“Today, as Silicon Valley sexism again draws attention, it’s worth studying those shifts at GoDaddy. There’s a regular procession of headlines about sexual harassment scandals at venture capital firms and large tech companies. But learning to address this problem requires studying where things have gotten better, as well. And GoDaddy has become, surprisingly, a lodestar among gender equity advocates — an example of how even regressive cultures can change. So what did GoDaddy do right?”

From Natalia Karelaia: Why “Believe in Yourself” Is Bad Advice for Women

“In the workplace, women can capitalise on self-confidence only when they exhibit ‘feminine’ behaviours as well.”

Book Suggestion: Own It: The Power of Women at Work by Sallie Krawcheck

Work and Learning Now and in the Future

From City Journal: Professionals and Managers: You’re Next

“Here’s the dirty little secret about automation: it’s easier to build a robot to replace a junior attorney than to replace a journeyman electrician. And that fact helps explain why economists and politicians are feeling misgivings about ‘creative destruction,’ which, up to now, they have usually embraced as a net good for society. Technology and automation, they’ve argued—correctly—boost productivity and create more jobs overall (even as some kinds of work get eradicated).”

Thanks to Smartbrief on Leadership for pointing me to this story

From Nicole Girouard: Welcome to The 2020 Workplace: Attract, Develop and Keep Top Talent

“So how can you ensure that your organization is keeping up with this rapidly changing landscape to attract and retain today’s top talent?”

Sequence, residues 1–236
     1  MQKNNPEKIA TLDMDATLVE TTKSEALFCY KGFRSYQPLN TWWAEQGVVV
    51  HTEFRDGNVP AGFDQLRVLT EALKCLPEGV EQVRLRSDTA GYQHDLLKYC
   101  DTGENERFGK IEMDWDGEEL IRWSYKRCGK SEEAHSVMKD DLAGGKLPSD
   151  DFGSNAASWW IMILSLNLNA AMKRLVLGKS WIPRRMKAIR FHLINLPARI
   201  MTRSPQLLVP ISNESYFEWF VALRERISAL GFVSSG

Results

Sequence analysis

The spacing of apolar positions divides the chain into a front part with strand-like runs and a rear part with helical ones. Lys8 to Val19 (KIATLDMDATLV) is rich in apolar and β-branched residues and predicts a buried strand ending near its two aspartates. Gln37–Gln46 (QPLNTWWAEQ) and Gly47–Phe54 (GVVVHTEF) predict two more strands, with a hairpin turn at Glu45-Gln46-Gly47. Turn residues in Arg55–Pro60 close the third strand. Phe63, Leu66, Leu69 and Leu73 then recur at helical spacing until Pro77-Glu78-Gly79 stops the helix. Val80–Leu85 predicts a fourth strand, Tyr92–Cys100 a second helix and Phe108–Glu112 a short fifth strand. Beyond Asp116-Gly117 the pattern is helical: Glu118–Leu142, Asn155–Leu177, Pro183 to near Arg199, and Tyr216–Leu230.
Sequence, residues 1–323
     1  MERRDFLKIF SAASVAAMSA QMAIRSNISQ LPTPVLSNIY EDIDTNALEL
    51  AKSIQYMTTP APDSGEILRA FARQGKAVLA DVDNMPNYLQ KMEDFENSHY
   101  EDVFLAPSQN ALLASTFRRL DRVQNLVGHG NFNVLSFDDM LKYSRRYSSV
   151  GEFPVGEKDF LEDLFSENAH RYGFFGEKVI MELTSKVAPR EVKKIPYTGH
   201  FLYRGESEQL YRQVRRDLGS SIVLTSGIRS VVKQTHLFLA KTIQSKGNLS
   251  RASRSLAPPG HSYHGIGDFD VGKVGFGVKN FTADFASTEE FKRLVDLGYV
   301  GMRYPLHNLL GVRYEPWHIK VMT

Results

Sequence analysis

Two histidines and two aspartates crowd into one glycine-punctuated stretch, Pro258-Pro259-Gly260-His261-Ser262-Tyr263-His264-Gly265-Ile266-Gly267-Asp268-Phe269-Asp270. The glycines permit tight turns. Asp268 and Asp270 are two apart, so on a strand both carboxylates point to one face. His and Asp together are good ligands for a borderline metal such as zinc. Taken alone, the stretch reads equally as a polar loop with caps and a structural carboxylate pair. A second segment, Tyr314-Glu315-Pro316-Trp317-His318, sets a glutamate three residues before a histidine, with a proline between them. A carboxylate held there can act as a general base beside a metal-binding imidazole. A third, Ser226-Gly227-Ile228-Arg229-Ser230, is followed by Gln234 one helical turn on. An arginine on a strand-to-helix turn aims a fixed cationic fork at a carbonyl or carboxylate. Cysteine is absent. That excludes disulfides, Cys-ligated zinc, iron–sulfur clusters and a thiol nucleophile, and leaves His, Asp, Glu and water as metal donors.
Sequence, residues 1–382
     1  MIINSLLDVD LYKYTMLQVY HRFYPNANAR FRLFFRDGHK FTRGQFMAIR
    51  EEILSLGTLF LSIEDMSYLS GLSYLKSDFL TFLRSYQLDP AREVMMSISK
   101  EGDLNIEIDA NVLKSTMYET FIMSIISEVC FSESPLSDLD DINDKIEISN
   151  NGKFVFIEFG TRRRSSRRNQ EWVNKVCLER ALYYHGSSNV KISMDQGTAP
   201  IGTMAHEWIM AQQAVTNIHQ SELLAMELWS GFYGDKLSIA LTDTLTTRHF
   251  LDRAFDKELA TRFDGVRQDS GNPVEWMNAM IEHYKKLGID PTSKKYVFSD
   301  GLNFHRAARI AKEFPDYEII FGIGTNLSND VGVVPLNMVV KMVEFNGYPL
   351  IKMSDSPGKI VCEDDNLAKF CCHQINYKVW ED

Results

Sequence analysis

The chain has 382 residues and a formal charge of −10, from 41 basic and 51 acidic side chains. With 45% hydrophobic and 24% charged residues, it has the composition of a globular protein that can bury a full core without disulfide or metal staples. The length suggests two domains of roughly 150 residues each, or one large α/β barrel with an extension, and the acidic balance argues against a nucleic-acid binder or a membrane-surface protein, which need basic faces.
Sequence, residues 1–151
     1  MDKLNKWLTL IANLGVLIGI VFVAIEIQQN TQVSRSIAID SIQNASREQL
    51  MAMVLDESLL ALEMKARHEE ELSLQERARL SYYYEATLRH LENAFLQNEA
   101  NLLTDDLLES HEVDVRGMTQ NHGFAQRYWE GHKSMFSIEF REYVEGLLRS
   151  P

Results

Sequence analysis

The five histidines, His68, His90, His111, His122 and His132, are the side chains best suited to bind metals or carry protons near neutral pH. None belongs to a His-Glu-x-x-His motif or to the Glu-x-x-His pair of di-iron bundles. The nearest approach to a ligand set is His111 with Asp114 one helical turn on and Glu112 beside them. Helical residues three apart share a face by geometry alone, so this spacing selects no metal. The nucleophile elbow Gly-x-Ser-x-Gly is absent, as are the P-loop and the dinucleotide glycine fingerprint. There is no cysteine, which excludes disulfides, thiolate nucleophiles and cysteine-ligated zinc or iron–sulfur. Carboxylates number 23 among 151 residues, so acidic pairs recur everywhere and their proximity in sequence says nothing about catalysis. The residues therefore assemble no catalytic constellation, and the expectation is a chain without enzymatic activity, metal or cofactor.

From Alexia Elejalde-Ruiz: Why remote working succeeds at some companies and not others

“Though a growing number of U.S. employees are working remotely, thanks in large part to technology that enables flexibility and young workers who expect it, the perk has been getting mixed reviews of late as some high-profile companies call employees back to the office for more face time.”

Book Suggestion: The Inevitable: Understanding the 12 Technological Forces That Will Shape Our Future by Kevin Kelly

More Leadership Posts from Wally Bock

Boss’s Tip of the Week: Doing what doesn’t come naturally

What you don’t do naturally you must do consciously. One of 347 tips from Become a Better Boss One Tip at a Time.

Leadership: Getting Intrinsic Motivation Right

Edward Deci and Richard Ryan defined three intrinsic motivators that work for most people. Use them to be a better leader

How Terry Moore gets the most from a book

One way Terry Moore gets value from his reading is sharing the insights he gains with his clients.

Your Brain versus Your Book

Your brain is a random collection of connections. Your book needs to be linear and organized. That can be a problem.

Leaders and Strategies in Real Life: 8/15/17

Articles about real leaders and real companies in real life. This week it’s article about Steve Case, General Motors, Bahram Akradi, Airbus, and Bill Sandbrook.

From the Independent Business Blogs: 8/16/17

Pointers to posts by Dan Rockwell, Steve Keating, Suzi McAlpine, Jesse Lyn Stoner, and Julie Winkle Giulioni.

Writing well gives you the edge in business and in life. If you want to get a book done, improve your blog posts, or make your web copy more productive, please check out my blog about business writing. My coaching calendar for authors and blog writers currently has time open. Please contact me if you’re interested.

The 347 tips in my ebook can help you Become a Better Boss One Tip at a Time.